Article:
In San Diego County, California, the North Coastal Prevention Coalition (NCPC) and San Dieguito Alliance for Drug Free Youth (SDA) joined forces to take on the local Planning Commission’s intention to allow the sale of alcohol at the K1 Speed go-cart racing track.
To keep up-to-date on local issues, SDA and NCPC monitor the agendas of local public meetings. On May 1, 2017, the coalitions noted the Carlsbad Planning Commission’s agenda item: amending the conditional use permit for K1 Speed go-cart racing to allow the sale of beer and wine.
There was little time to organize public input for the meeting scheduled just days later, but the coalitions attended to learn more about the proposal. K1 Speed opened in Carlsbad in 2003, and has since grown to over 35 locations nationwide. Adding alcohol to their business model is a new venture and only two Chicago locations have full alcohol service. None of their 14 California locations are licensed to sell alcohol. After deliberation, the Planning Commission approved allowing beer and wine at K1 Speed on a 5 – 2 vote.
“We were concerned with this decision, especially since the Planning Commissioners were provided no information about alcohol impacts, DUIs, crime rates, etc. to inform their decision. In fact, the police department had not been informed of this proposal,” said Erica Leary, Program Manager at North Coastal Prevention Coalition. “SDA and NCPC attended the Council meeting the following week and encouraged the City Council to bring this issue forward to ensure more public discussion before making Carlsbad the first go-cart racing facility in California to provide alcohol.”
The only option was to file an appeal of the decision – at the cost of $850. SDA and NCPC pooled their non-government, donated funds to file an appeal along with the contribution of a local family, whose grandson was a regular customer and leading scorer in the nation. The intent of the appeal was not specifically to oppose the Planning Commission’s decision, but rather to have more time to inform the public, gather public opinion, retrieve local alcohol-related data, and ensure the Council had the opportunity to discuss the item at length.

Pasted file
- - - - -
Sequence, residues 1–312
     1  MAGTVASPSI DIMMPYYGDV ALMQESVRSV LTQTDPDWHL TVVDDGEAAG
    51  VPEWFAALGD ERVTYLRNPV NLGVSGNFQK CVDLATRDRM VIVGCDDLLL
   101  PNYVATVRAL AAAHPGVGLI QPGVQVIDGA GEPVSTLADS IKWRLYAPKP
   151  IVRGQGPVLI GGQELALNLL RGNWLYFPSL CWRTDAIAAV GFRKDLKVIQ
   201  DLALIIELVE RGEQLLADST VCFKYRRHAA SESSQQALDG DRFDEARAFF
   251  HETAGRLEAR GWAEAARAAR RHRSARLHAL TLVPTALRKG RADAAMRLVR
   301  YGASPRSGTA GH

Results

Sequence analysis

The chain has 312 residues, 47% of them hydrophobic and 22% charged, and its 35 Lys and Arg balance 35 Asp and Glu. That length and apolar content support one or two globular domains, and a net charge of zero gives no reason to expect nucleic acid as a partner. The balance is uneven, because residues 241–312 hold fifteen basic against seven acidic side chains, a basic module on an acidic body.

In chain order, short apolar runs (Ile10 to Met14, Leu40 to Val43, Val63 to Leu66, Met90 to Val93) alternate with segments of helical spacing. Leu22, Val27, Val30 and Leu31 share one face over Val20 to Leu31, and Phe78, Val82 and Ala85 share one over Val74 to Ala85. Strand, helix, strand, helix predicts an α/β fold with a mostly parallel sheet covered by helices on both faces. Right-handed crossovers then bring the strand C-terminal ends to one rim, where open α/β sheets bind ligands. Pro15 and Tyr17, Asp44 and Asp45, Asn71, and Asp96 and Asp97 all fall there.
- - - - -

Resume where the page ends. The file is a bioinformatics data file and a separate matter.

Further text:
NCPC created an online and paper survey and gathered input from 400 people. The majority (65 percent) were opposed to allowing alcohol at K1 Speed. Community voices joined the coalitions’ to speak to City Council and the media. Together, the message was spread via social media and one person authored an opinion-editorial in the local weekly paper. Larger organizations, such as San Diego County’s Alcohol Policy Panel, and Alcohol Justice in California, submitted letters to the Council explaining the impact of increased alcohol availability, and the mixed message combining alcohol and racing sends. NCPC sent a media advisory prior to the council meeting, and five local TV stations covered the story. SDA, NCPC and the Carlsbad local family presented their case for the appeal, along with approximately a dozen speakers, who expressed their concerns.
The City Council voted 4 – 1 to amend the Planning Commission decision to prohibit alcohol sales.
“Keeping up to speed on local alcohol licensing processes can be a confusing and complicated process,” said Leary. “It’s important to monitor local meeting agendas, and keep asking questions and stay involved. Alcohol availability is increasing to more and more venues (movie theaters, fast food, farmer’s markets, etc.), which may be contributing to increases in binge drinking rates.”